$7 million to fund BAMSI, yet no significant returns

$7 million to fund BAMSI, yet no significant returns

Focus now placed on distributing solely to wholesalers and retailers


NASSAU, BAHAMAS – The Bahamas Agriculture and Marine Science Institute (BAMSI) is now focusing on distributing solely to wholesalers and retailers to ensure that it is able to recover a significant return on the $7 million dollars it receives from government annually, according to BAMSI’s chairman Tennyson Wells.

The new focus is a shift from the norm for the farming operation which has previously focused heavily on balancing its educational program while retailing its farm products itself.

Wells told media Tuesday afternoon that it’s a practice that he felt was not beneficial for the operation and further aided in the annual loss which the operation faced.

BAMSI’s Chairman noted that mismanagement of the operation during the former Christie administration saw millions of dollars invested into the agriculture operation while returns only totaled an estimated $22,000 dollars.

Wells took office as BAMSI’s Chairman in February 2018 and confirmed to Eyewitness News Online Tuesday that the operation, under his leadership, is now trying to focus on distributing solely to wholesalers and retailers while providing a well-rounded educational experience for those interested in farming.

“BAMSI should not be a retailer where I can buy two pounds of tomatoes or other stuff like that. We rather sell those to the hotel and other distributors and let them do the retailing,” Wells said.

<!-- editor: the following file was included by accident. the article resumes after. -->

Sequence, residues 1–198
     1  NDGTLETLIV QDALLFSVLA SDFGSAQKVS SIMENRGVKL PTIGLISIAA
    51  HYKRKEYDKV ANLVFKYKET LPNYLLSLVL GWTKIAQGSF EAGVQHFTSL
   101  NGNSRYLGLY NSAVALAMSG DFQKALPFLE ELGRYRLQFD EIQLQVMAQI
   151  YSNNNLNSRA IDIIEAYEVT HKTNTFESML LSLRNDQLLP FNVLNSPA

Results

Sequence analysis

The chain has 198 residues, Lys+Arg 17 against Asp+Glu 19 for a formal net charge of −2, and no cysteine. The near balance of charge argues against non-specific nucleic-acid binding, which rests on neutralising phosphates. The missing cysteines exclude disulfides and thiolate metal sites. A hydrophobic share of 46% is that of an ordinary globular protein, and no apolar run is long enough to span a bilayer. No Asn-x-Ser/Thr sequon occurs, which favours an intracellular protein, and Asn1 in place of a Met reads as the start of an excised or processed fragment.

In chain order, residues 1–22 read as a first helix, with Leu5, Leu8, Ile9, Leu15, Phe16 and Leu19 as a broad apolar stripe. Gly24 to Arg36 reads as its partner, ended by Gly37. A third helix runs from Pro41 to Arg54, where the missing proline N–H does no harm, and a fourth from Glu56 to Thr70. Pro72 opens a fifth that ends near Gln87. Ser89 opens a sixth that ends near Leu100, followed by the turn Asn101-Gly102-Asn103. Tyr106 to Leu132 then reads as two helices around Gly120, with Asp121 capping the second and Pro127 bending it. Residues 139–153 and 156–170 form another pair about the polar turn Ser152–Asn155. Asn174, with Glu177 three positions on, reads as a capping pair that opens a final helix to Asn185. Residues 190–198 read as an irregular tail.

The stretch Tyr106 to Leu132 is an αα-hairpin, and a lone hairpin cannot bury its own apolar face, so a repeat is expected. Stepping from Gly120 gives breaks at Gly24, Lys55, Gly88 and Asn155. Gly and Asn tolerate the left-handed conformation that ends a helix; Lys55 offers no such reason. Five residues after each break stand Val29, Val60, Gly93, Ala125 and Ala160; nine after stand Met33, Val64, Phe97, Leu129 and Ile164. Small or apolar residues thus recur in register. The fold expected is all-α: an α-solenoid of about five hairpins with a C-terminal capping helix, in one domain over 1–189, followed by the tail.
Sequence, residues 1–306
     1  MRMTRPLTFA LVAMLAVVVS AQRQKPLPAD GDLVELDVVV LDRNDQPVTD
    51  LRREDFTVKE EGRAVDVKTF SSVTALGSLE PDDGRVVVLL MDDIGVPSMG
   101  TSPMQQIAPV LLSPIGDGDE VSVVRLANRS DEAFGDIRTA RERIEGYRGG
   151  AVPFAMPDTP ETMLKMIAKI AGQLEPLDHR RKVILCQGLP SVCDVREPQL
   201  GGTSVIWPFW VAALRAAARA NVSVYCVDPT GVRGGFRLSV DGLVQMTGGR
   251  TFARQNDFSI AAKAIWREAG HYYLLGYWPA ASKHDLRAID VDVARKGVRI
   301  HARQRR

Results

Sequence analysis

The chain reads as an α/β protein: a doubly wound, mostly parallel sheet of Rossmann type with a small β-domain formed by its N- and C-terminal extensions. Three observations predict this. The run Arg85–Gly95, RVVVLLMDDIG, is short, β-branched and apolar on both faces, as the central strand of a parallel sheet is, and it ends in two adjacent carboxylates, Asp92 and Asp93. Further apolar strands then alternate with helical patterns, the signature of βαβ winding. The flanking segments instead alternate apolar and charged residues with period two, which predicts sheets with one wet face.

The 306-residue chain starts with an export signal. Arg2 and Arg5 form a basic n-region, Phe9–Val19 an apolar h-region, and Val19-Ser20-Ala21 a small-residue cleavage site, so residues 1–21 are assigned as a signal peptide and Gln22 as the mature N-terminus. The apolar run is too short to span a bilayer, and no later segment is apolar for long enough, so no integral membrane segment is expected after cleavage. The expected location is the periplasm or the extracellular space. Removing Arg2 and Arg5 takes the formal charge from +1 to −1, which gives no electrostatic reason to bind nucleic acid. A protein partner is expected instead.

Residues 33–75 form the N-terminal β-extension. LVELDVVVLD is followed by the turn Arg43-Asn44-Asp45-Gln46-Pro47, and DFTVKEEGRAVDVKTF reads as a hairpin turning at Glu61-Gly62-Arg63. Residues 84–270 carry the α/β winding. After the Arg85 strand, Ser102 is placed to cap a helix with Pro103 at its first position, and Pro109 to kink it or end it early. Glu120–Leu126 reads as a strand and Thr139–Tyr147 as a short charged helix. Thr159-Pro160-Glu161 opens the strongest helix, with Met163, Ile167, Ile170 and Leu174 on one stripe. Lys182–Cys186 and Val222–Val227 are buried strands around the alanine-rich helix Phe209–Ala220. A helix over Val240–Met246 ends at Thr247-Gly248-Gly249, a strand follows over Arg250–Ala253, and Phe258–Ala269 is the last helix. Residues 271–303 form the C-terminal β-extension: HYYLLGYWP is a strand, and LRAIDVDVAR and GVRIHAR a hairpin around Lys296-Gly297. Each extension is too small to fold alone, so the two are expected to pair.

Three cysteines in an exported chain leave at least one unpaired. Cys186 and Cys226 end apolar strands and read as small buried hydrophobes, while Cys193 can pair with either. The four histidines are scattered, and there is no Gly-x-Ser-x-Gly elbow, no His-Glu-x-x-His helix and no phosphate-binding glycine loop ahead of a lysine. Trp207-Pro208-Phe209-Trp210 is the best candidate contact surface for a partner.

Executives from Discount Distributors, Bahama Subs, Super Value and the Sandals Resort were invited on Tuesday to tour the 800-acre compound.

Livestock included goats and sheep, while crops included broccoli, pineapples, bananas, eggplants, tomatoes, avocado, papaya, sweet peppers, butternut squash, zucchini, coconuts and a number of other agriculture products.

“The quality I have seen is excellent and I can compare the quality here with any other fruit and vegetable that we import from throughout the world,” said Clifton Fernander, a Produce Buyer at Super Value.

“What I have seen so far is amazing,” said Sieon Wintz, the Food & Beverage Director at Sandals.

“What our guests want is freshness and local produce of The Bahamas so I see this being a fantastic venture for us.”

In addition to farming crop and rearing livestock, BAMSI has also invested in aquaculture, aquaponics and hydroponics.

Thanks to hydroponics the farm has beds of basil, arugula, chives, kale and other leafy greens.

Meanwhile, aquaponics breeds tilapia on site.

Operators expect to export 600-1,000 pounds of greenery and some 4,000 pounds of fisheries at harvest time.

“The waste from the fish is converted to nutrients as fertilizer to feed the plants and the plants clean the wastewater from the fish, convert it into clean water which is returned for the fish to use. The plants and the fish work together to feed each other in this system,” said  BAMSI’s Marine Resources Director Vallierre Deleveaux.

The contingent of retailers and wholesalers that toured the BAMSI compound Tuesday all agreed that they would be interested in purchasing wholesale produce from the operation once it begins harvesting.

Wells asserted that the new thrust for business-to-business sales will position BAMSI to soon reap the fruits of its labour. He opined, however, that the operation may not begin seeing a profit margin for another three to four years.